The functions of space shuttle are similar to the functions of first and second stages
of ELV. Satellite along with the third stage of space shuttle are mounted in the cargo
bay. It is ejected from the cargo bay when the space shuttle reaches to an elevation
of 150 to 200 miles.

Then, the third stage of space shuttle gets fired and places the satellite into a transfer
orbit. After this, the space shuttle will return back to earth for reuse.

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3.3 Services provided by Satellite

Satellite Communication has a wide range of services. Applications are in numerous


and broadly classified as follows:

 In communication such as T.V. telephony, data transfer such as mail and


internet etc. are mostly done through different communication satellites these
days.
 Remote sensing and Earth observation can be done with the help of lower
Earth Orbits (LEO) Satellite.
 Metro logical applications such as whether survey to study different layers
and amount of ozone’s content in the atmosphere.
 Military applications like short distance local communication from any camp
to another, to study the location of the enemy etc.,

Other services provided by Satellite Communication are:

 Fixed satellite service


 Broadcast satellite service
 Navigational satellite service
 Meteorological satellite service
 Mobile satellite service.

3.4 Advantages of Satellite Communication

Because of its unique geometry and it’s inherently a broadcast medium with an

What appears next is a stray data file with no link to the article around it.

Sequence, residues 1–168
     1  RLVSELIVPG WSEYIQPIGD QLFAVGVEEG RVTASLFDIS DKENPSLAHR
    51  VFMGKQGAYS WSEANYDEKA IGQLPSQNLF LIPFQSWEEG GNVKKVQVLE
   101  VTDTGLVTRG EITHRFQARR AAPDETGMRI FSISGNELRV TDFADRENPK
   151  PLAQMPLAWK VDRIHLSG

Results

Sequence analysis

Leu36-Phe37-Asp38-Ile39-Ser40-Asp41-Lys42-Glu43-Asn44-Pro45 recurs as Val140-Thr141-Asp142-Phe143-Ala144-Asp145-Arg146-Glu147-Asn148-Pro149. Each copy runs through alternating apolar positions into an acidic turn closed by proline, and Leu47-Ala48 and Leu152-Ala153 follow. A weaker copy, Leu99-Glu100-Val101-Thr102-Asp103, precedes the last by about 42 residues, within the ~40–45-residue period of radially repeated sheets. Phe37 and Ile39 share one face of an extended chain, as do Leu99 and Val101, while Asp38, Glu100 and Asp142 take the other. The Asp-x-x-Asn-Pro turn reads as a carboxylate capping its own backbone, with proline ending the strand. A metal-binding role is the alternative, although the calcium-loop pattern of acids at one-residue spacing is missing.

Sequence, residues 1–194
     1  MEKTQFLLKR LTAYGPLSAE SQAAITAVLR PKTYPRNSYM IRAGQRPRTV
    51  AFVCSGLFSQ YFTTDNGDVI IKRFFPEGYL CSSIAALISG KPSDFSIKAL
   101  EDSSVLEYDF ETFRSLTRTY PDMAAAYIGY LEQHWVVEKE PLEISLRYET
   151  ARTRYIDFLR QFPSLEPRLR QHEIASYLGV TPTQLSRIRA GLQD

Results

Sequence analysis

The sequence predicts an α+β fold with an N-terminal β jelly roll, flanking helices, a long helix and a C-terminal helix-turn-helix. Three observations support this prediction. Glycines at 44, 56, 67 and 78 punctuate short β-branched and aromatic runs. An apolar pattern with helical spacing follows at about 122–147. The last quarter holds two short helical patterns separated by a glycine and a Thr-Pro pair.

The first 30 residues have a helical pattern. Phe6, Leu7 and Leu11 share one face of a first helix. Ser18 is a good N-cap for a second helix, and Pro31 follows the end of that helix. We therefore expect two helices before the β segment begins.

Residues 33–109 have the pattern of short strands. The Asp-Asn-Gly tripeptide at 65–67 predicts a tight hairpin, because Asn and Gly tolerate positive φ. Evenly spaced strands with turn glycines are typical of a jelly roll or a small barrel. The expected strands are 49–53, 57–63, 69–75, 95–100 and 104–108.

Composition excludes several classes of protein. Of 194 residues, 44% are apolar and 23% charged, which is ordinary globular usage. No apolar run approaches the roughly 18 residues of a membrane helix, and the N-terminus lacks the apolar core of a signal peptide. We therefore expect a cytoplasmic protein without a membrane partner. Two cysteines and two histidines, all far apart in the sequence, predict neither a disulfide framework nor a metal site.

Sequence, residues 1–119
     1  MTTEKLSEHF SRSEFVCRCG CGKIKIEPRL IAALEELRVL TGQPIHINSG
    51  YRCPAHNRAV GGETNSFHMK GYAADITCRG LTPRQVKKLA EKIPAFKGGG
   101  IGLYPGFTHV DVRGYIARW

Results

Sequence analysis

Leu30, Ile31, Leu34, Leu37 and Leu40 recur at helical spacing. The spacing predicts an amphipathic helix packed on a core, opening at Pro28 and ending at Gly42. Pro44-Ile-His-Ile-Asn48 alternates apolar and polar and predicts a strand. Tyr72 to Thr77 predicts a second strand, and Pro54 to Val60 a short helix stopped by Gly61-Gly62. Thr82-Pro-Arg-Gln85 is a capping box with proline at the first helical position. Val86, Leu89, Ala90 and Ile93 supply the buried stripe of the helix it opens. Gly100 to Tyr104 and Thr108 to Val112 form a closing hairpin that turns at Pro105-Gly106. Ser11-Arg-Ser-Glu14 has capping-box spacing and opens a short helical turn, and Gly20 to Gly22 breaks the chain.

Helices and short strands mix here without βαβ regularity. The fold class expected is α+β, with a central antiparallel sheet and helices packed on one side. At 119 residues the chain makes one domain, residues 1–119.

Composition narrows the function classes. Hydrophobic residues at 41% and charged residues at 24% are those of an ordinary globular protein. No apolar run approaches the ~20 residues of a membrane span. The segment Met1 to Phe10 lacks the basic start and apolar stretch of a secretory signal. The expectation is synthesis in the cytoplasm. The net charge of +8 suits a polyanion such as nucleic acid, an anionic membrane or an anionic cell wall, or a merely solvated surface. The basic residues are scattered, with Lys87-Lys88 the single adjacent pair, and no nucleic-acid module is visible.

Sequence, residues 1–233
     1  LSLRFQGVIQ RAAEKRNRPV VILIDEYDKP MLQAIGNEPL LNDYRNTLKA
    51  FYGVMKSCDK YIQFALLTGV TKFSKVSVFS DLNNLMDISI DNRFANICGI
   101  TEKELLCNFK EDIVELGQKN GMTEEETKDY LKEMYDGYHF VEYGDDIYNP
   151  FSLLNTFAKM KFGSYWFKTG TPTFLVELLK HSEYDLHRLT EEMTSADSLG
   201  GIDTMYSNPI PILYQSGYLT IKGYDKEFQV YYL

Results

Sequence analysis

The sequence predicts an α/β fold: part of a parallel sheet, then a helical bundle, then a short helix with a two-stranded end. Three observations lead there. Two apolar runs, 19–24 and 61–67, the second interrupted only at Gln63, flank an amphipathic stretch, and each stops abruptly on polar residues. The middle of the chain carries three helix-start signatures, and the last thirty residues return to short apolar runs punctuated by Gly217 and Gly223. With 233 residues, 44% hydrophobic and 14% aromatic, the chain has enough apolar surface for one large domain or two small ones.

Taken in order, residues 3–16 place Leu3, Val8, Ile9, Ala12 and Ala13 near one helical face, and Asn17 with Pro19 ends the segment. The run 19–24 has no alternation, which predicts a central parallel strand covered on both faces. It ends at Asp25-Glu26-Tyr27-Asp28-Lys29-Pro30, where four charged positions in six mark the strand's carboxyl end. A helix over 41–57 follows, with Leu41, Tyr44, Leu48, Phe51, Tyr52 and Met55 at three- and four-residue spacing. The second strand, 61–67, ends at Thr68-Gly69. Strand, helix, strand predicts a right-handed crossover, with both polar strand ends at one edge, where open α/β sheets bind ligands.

ability to transmit simultaneously from one point to an arbitrary number of other
points with in its coverage area. Thus, satellite Communication possesses several
advantages which are as follows:

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 Point to multipoint communication is possible whereas terrestrial relay is
point to point, this is why satellite relay are wide area broadcast.
 Circuits for the satellite can be installed rapidly. Once the satellite is in
position, Earth Station can be installed and communication may be
established within some days or even hours.
 During critical condition each Earth Station may be removed relatively
quickly from a location and reinstalled somewhere else.
 Mobile communication cab be easily achieved by satellite communication
because of its flexibility in interconnecting mobile vehicles.
 As compared to fiber cable, the satellite communication has the advantage of
the quality of transmitted signals and the location of Earth Stations. The
sending and receiving information independent of distance.

3.5 Disadvantages of Satellite Communication

Apart from advantages Satellite Communication also possess some disadvantages


that are as follows:

 With the Satellite in position the communication path between the terrestrial
transmitter and receiver is approximately 75000 km long.
 There is a delay of ¼ sec between the transmission and reception of a signal
because the velocity of electromagnetic wave is 3* 10^5 Km/second.
 The time delay reduces the efficiency of satellite in data transmission and
long file transfer, which carried out over the satellites.
 Over-crowding of available bandwidth due to low antenna gains is occurred.
 High atmosphere losses above 30 GHz limit the carrier frequency.

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CHAPTER FOUR

4.1 The Future

The modern-day satellites we use today are more efficient and could accommodate
larger data inputs.

Add to that the versatility in which some can even take photos, transmit signals for
GPS devices and even monitor weather conditions.

Truly, the humble beginnings of satellite launching have come a long way to serve
mankind.

Soon, we can expect to acquire transmission services which are tailored to each and
every need of individual users.

4.2 Conclusion

Satellites remain the best utilization used for communications due to their speed and
other advantages mentioned in this report.